Myanmar’s denial of citizenship to Rohingyas
The primary problem and responsibility should lie with Myanmar. Rohingyas are primarily a Muslim ethnic group from the northern part of Arakan province (Rakhine State) of Myanmar. The term ‘Rohingya’ is derived from the Chittagonian dialect (Bengali language), in which the Rakhaine or Arakanese people are called ‘Rohangya’. In this context Myanmar should consider them a national ethnic group. But, they are denied citizenship and not recognized among the 135 national ethnic groups under the 1982 Citizenship Law, leaving them stateless and as illegal immigrants in their own country. Even under the Constitution of the Republic of the Union of Myanmar which was passed in 2008 it is stated that ‘Citizenship, naturalization and revocation of citizenship shall be as prescribed by law’. Their condition has not improved even today; approximately 800,000 Rohingyas living in Northern Arakan state and Rangon are effectively stateless and are subjected to discrimination and exploitation.
Most of the countries are hesitant to host the Rohingyas because they are denied citizenship in Myanmar and because of this, reaching an understanding with the Myanmar government on their resettlement or repatriation is difficult. For instance, earlier in December 2011 an agreement was reached at a meeting between President Thein Sein and Bangladeshi Prime Minister Sheikh Hasina to repatriate Myanmarese refugees. But the Myanmarese government made it clear that only those refugees who met the key criteria under Myanmar citizenship law would be taken back, leaving the Rohingyas out in the cold.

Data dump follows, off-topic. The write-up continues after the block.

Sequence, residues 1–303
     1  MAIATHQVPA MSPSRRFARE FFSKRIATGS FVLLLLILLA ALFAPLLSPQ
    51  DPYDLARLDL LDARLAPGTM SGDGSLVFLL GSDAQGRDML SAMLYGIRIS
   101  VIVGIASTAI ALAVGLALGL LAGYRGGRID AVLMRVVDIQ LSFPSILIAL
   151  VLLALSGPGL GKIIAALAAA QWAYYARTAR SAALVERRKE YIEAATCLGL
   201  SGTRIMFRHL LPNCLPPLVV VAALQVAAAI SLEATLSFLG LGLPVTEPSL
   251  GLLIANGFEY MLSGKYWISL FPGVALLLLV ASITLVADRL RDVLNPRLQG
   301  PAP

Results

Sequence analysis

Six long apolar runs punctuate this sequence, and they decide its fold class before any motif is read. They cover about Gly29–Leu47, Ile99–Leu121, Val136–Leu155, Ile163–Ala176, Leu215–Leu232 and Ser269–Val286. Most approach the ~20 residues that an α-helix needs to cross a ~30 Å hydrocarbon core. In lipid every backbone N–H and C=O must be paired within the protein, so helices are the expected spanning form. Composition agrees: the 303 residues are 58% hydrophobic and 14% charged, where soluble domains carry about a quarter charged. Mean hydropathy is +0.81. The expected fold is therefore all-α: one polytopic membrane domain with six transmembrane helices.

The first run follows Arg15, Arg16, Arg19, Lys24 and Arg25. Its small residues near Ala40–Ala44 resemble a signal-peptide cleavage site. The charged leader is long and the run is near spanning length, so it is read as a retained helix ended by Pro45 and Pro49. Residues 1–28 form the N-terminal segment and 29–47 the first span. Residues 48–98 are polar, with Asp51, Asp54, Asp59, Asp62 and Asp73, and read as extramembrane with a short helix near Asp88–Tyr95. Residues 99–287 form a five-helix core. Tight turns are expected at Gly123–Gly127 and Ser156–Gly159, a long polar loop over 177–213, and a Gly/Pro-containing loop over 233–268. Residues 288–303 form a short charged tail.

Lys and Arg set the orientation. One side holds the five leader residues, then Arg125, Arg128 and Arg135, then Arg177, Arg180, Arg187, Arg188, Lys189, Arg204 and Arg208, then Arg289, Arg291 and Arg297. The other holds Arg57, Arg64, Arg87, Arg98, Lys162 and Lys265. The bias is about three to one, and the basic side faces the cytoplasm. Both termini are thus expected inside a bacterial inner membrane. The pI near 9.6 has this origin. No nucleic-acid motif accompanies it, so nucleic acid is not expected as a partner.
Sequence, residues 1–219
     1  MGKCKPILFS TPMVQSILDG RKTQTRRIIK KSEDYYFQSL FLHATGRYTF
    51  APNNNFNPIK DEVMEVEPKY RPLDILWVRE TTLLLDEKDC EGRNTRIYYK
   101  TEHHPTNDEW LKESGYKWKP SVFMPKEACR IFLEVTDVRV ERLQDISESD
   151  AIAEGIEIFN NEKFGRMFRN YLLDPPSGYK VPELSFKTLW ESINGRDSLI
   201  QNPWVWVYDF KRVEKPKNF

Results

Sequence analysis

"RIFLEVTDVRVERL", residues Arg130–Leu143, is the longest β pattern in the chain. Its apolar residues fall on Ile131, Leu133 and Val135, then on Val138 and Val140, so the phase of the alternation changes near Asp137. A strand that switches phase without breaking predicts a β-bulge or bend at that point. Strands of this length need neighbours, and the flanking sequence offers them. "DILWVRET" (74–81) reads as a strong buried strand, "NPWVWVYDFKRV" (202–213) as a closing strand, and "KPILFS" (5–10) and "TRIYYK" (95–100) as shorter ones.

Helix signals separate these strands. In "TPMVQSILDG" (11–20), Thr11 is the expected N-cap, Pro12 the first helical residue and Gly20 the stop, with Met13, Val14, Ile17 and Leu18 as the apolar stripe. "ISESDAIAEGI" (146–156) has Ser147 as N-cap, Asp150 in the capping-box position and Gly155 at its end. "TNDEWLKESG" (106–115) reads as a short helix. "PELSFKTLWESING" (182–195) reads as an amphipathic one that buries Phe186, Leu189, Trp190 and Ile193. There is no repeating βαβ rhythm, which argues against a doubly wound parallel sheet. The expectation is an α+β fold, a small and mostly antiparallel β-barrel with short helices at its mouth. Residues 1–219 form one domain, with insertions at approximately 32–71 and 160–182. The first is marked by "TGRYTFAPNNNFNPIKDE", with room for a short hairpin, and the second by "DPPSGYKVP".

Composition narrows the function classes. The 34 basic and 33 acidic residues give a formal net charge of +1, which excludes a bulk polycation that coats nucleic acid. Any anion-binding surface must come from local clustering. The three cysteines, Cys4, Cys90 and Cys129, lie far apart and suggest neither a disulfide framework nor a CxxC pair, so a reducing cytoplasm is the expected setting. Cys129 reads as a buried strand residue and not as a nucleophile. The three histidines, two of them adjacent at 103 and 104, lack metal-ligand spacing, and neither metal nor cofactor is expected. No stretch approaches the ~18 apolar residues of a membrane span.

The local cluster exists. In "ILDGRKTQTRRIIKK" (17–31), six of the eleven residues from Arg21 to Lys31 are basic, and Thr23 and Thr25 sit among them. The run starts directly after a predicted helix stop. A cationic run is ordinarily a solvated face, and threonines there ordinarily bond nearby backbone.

Thailand has earlier attempted to repatriate refugees to Myanmar (http://bit.ly/s0OVak) but mostly only the Karen and Karenni ethnic groups. The increasing number of Rohingyas will be a serious issue, first, owing to the difficulties in cooperating with Myanmarese government, and second, because of identification. In Thailand’s nine refugee shelters, most of the refugees belong to the Karen and Karenni ethnic groups of Myanmar and only 10-12 per cent is Muslim. As the Rohingyas are not able to register themselves in Thailand, there are no official records on their numbers, because of which resettlement or repatriation becomes impossible.
The plight of the Rohingyas and the growing concern over their influx is not only confined to Myanmar, Bangladesh and Thailand. Other regional powers like India, Indonesia and Malaysia must also engage themselves considering its security implications. The forcible push-backs are a major threat to the maritime as well as border security of these countries. Left with no other option, the Rohingyas are vulnerable to being recruited by sea pirates and involved in arms and drug smuggling.
Research Officer, IPCS
email: [email protected]